Mormons and the Disciples of Christ

Writers on Mormon history frequently mention the Disciples of Christ as close counterparts to Latter Day Saints during the first generation of these religious bodies. The primary point of comparison is that both movements sought to restore primitive Christianity.

Mormons and Disciples both emphasized three ideas: 1) The Bible describes the church as God intends it to be. 2) Most of the time since the period described in the New Testament has been marked by aberrations in doctrine and practice. 3) Their respective movements represent authentic restorations of “the ancient order of things.”

As a life-long member and long-time minister of the Disciples of Christ, I have been particularly attentive to this early linkage, and I have in my own mind objected to the casual comparison of these two impulses in early nineteenth Christianity.

Granted, Joseph Smith and the Mormons on the one hand and Alexander Campbell and the Disciples on the other sought to recover the purity and power of New Testament Christianity.

Why, then, did these two movements develop so differently? The Christian Church (Disciples of Christ), to use the contemporary name of the one movement, have remained within the boundaries of classical Christian doctrine and practice. The Church of Jesus Christ of Latter Day Saints have become a new religious movement with strong connections to orthodox Christianity but significantly different elements in theology, churchly practice, and sacred writings.

One of the reasons why Disciples have stayed with the main Christian stream is that from earliest days, they have understood restoration to be the minor premise in their syllogism. The major premise has always been the unity of the church.

One of the clearest and useful statements of the Disciples’ preference for unity is a paper written by Thomas J. Liggett, who spent his career as missionary, church administrator, and leader in theological education. President Liggett, who died March 27, 2012, and is being honored in memorial celebrations around the country, prepared these remarks for the School of Theology for the Laity at East Dallas Christian Church in Texas, June 22, 1979. The paper was later published in Mid-stream: An Ecumenical Journal.

Although this paper does not discuss the 1830s’ similarities of Mormons and Disciples, it does offer six reasons why Disciples consistently chose unity over restoration. This consistent choice is one of the reasons why the Christian Church (Disciples of Christ) have remained within the sphere of classic Protestant Christianity.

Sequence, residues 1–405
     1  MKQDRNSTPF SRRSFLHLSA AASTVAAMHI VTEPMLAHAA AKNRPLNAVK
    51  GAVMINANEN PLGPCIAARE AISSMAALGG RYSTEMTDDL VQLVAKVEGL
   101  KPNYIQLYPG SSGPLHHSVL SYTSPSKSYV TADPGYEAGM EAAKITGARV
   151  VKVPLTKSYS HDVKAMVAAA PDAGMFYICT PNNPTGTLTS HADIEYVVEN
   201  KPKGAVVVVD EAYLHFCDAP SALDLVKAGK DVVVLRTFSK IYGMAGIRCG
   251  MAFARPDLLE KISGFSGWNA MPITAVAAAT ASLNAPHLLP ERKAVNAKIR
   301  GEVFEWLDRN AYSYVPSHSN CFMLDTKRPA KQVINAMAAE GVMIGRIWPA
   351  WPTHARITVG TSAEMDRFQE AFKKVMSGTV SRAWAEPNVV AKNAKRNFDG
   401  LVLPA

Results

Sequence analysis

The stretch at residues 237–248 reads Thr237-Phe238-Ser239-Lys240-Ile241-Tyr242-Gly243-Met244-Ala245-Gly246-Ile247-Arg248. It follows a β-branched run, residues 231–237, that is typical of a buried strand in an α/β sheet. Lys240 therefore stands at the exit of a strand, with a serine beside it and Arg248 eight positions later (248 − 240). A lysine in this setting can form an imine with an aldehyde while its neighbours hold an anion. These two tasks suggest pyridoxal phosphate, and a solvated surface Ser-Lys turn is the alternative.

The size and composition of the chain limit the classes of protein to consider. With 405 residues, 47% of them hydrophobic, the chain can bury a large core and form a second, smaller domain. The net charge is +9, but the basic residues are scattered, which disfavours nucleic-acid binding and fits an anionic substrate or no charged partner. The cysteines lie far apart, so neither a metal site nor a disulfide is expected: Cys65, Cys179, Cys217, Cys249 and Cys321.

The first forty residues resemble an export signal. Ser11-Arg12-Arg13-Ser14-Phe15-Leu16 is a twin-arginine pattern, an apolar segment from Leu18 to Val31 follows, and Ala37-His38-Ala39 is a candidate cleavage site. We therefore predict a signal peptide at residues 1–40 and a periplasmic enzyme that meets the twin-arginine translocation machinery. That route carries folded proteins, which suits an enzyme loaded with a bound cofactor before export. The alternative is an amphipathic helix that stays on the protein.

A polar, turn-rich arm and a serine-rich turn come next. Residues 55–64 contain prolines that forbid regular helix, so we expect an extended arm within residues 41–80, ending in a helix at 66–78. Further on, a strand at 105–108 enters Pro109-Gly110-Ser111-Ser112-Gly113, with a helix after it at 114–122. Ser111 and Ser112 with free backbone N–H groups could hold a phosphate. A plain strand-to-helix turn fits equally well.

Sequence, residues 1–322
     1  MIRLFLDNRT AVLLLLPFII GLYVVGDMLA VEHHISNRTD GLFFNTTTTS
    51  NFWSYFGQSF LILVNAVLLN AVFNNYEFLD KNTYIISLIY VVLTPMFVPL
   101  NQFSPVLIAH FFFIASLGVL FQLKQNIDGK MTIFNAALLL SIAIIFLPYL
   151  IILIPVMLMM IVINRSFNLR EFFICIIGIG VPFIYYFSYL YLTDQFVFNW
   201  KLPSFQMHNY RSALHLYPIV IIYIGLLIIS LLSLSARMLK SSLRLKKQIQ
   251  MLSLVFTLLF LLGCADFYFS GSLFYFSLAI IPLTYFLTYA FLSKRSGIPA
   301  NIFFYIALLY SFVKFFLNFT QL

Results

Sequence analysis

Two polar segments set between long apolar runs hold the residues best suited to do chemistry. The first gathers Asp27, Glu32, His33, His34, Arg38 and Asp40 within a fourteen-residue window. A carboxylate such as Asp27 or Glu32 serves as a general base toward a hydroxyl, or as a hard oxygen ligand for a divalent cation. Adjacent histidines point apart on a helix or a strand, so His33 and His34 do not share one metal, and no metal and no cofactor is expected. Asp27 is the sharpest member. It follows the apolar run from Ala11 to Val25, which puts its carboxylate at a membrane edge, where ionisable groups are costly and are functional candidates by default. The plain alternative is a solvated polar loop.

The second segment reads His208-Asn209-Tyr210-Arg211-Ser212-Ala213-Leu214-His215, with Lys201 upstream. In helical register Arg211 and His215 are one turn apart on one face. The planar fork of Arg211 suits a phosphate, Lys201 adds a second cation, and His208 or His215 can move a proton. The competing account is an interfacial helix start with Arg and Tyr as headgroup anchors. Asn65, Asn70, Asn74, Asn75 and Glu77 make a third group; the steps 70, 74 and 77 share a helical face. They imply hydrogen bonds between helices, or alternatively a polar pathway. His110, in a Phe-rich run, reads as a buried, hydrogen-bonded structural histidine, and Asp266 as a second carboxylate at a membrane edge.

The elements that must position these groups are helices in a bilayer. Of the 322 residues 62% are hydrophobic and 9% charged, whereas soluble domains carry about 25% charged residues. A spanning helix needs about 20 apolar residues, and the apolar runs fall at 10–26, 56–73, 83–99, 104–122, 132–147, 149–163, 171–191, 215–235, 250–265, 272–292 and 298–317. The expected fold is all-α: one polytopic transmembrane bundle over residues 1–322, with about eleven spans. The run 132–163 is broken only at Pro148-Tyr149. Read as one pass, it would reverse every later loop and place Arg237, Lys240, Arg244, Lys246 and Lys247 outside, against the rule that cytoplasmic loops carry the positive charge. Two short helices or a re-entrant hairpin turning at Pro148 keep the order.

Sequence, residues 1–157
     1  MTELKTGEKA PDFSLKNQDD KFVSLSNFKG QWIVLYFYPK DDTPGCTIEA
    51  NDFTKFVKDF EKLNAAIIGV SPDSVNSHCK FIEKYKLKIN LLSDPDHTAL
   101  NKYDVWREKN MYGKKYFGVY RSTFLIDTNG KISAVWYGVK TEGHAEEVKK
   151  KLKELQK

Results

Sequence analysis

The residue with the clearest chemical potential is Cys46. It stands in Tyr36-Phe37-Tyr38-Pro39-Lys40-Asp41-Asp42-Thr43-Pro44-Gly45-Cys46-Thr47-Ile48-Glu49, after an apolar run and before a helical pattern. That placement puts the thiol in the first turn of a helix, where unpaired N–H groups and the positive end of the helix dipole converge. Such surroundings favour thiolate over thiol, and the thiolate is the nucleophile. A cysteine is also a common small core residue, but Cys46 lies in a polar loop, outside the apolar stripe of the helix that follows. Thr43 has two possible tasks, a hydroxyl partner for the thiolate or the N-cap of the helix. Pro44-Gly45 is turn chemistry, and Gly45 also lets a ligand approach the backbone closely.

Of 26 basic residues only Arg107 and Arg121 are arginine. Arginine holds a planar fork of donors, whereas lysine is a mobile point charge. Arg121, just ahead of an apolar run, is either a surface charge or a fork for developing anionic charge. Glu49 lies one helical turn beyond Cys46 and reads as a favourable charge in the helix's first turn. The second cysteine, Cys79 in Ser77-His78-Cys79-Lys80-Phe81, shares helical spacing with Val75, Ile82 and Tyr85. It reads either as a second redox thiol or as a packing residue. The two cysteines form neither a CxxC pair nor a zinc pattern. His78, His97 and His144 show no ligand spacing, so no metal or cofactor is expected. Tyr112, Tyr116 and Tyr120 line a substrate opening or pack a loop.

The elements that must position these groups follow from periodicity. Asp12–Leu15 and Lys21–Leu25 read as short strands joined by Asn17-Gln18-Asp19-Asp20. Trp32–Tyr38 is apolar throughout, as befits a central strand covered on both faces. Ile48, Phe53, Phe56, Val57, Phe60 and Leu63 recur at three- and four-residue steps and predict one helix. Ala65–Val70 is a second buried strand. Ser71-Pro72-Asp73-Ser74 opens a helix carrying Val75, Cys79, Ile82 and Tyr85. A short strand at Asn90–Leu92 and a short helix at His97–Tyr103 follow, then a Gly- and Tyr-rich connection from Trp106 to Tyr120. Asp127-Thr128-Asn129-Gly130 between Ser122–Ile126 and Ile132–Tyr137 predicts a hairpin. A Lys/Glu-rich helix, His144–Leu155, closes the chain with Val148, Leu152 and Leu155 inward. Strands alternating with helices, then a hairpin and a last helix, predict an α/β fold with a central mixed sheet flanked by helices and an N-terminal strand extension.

The concluding paragraphs of Liggett’s paper state his conclusion forthrightly:

Our movement began with the dual emphasis of Christian Unity and Restoration. These two ideas, compatible and complementary in the beginning, eventually were perceived as existing in tension with one another. As this tension grew, we were led to make value judgments and to choose between them. The Churches of Christ and the independent Christian Churches, while exhibiting significant differences of interpretation of restoration, seem to have chosen “restoration” as the primary value. Each movement, in its own way continues to seek to restore the New Testament Church. Neither participates in the formal manifestations of the ecumenical movement of the 20th century.

The Disciples of Christ, on the other hand, have chosen “Christian unity” as the primary commitment and value. We have participated from the beginning in local, regional, national and world ecumenical bodies. We have encouraged “mission churches” to enter united churches, we are participants in the Consultation on Church Union and we have engaged in union conversations. We believe that this commitment to Christian unity is based solidly on Biblical and theological grounds. We believe that it constituted a major commitment of Thomas Campbell and Barton W. Stone, and became a major commitment for Alexander Campbell in his mature years. We frankly admit to having given priority to Christian unity rather than to Restoration, particularly in any legalistic sense. There have been solid reasons for this decision, some of which are identified above. The choice has been made and the direction has been set. The full expression of our commitment to the one, universal church continues to be our task.

With the support of the Council on Christian Unity of the Christian Church (Disciples of Christ), I have prepared T. J. Liggett’s paper for republication in an electronic version. To read the entire paper, click  Why the Disciples Chose Unity.

6 Responses to Mormons and the Disciples of Christ

  1. bobcornwall says:


    I agree that the commitment to unity kept the Disciples on focus, but so did a commitment to biblical Christianity.

    What is interesting is how many Disciples converted to Mormonism and played important roles in the development of Mormonism.